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UNESCO launches platform on living heritage and the COVID-19 pandemic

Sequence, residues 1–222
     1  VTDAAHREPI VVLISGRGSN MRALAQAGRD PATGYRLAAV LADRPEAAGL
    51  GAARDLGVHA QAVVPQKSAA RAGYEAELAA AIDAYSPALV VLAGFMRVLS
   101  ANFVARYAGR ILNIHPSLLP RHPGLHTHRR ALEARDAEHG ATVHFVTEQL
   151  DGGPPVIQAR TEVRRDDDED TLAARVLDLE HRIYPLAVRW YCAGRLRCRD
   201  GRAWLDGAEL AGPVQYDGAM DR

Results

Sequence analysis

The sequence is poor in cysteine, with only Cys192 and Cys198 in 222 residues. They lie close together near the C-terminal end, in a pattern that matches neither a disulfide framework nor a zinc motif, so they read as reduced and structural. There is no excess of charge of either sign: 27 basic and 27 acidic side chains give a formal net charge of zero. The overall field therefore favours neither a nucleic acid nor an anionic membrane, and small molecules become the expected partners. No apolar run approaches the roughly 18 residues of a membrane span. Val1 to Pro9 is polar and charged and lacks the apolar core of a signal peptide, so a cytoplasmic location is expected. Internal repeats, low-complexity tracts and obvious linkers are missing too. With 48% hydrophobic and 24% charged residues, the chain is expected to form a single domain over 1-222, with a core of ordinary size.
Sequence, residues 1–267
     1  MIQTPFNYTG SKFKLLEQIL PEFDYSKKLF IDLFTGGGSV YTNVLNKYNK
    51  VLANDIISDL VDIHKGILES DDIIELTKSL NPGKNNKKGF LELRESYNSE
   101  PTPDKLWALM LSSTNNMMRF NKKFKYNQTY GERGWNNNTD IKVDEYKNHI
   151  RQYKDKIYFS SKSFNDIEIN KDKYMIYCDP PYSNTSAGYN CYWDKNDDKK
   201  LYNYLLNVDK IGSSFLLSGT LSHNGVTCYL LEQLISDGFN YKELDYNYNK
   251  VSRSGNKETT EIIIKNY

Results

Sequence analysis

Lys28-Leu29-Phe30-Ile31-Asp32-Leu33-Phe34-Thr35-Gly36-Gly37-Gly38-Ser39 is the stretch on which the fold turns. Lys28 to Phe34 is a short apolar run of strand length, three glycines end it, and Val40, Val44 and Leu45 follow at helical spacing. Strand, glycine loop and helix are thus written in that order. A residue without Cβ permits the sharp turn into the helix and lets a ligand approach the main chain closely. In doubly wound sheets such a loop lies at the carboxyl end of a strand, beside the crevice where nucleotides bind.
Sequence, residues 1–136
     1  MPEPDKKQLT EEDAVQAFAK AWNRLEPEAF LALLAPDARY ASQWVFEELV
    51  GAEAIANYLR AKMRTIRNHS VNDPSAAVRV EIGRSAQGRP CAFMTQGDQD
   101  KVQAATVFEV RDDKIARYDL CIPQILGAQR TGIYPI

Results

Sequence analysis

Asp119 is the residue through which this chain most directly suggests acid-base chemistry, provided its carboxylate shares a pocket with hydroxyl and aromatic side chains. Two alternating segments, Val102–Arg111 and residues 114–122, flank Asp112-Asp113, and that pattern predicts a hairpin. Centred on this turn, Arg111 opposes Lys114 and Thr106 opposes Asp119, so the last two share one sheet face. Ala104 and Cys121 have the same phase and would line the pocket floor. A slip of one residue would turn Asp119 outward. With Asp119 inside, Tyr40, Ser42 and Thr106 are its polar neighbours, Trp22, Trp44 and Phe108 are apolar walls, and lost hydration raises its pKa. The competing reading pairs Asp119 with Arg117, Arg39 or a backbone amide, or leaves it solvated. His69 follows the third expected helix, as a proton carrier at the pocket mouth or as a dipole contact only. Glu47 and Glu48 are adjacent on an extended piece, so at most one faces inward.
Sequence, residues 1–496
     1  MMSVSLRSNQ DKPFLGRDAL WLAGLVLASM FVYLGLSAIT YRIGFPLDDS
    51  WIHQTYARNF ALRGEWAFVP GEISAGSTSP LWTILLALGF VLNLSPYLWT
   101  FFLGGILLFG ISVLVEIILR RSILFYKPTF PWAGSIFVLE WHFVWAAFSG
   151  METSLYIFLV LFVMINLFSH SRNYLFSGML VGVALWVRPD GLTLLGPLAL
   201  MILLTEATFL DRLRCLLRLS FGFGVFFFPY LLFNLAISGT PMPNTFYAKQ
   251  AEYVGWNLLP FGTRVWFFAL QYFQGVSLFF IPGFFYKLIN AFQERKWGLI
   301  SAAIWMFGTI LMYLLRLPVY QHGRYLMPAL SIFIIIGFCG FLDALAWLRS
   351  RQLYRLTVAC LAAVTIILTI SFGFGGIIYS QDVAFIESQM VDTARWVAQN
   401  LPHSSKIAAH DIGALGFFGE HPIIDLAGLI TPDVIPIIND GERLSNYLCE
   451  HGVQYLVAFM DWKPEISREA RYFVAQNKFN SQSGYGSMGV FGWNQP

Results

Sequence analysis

IMPACT ON LIVING HERITAGE Experiences shared so far through the online survey have shown the scale of disruption across the world, with many significant festive events and rituals cancelled or postponed. Some communities can no longer access the cultural and natural spaces and places of memory necessary for expressing their intangible cultural heritage, while others are restricted from coming together to share and enjoy many aspects of their intangible cultural heritage, so important to them. This has not only caused disruptions in the social and cultural lives of many, but has also resulted in loss of income for many bearers and practitioners of intangible cultural heritage. Those working in the performing arts and traditional crafts, who largely operate in the informal sector, have been particularly hard hit. Although it is still early to assess the economic costs, artisans the world over have responded to the survey noting loss of livelihoods as they face challenges in supplying orders and accessing raw materials. ADAPTING TO CRISIS Intangible cultural heritage, however, is dynamic in nature and has the capacity to adapt and evolve. Survey results demonstrate that communities have sought ways to continue practicing their intangible cultural heritage, despite quarantine and confinement measures. Many Holy Week celebrations for example, from Colombia to Venezuela and Croatia to Italy, still went ahead this year, albeit in adapted form. Online initiatives and platforms have sprung up, providing new ways to disseminate and transmit knowledge about intangible cultural heritage. In Georgia, traditional feasts continue to take place online, with tables of traditional food and drinks arranged in front of computer screens and toasts performed virtually. Social networks are playing a prominent role in helping people stay connected while being physically apart. For folk singers in Rajasthan, India, who must often travel to perform, live performances are organized through Facebook, providing a sense of solidarity with other artists and hope to continue. More time spent in the home has heightened opportunities for teaching about intangible cultural heritage within the family. From Jamaica to Lebanon, many traditional cultural practices, such as culinary traditions and crafts, are being revisited under lockdown. Parents are cooking traditional meals with young members of the family, using recipes passed down from older generations and sharing the results online. TOOLS FOR RESILIENCE While the COVID-19 pandemic has underscored the fragility of living heritage in emergencies, such situations can also provide reinvigorating or creative contexts for intangible cultural heritage, prompting the re-emergence or renewal of interest in abandoned elements or even the emergence of new ones. Many elements of intangible cultural heritage are being transformed in the context of the pandemic to support and reinforce public health measures. Artists in Peru and China, for example, are creating face masks using traditional design and techniques. Amazigh communities in the Moroccan Atlas Mountains share poetic verses related to COVID-19. Traditional string puppet performances in Sri Lanka tell stories of confinement and social distancing, while in Senegal, the mythical figure of Kankurang, traditionally the guarantor of order and justice, parades the streets from 8pm until dawn, enforcing village curfew. SHARE YOUR STORY Explore these stories and more on UNESCO’s web platform on living heritage and the COVID-19 pandemic. Living heritage continues to be important for all of us during crisis, in providing a sense of connection and continuity and reinforcing the social bonds between us. How have you been engaging with your living heritage in response to the pandemic? And what role can living heritage play in such difficult times? Share your story through our online survey and tell us your experience of living heritage during the COVID-19 pandemic.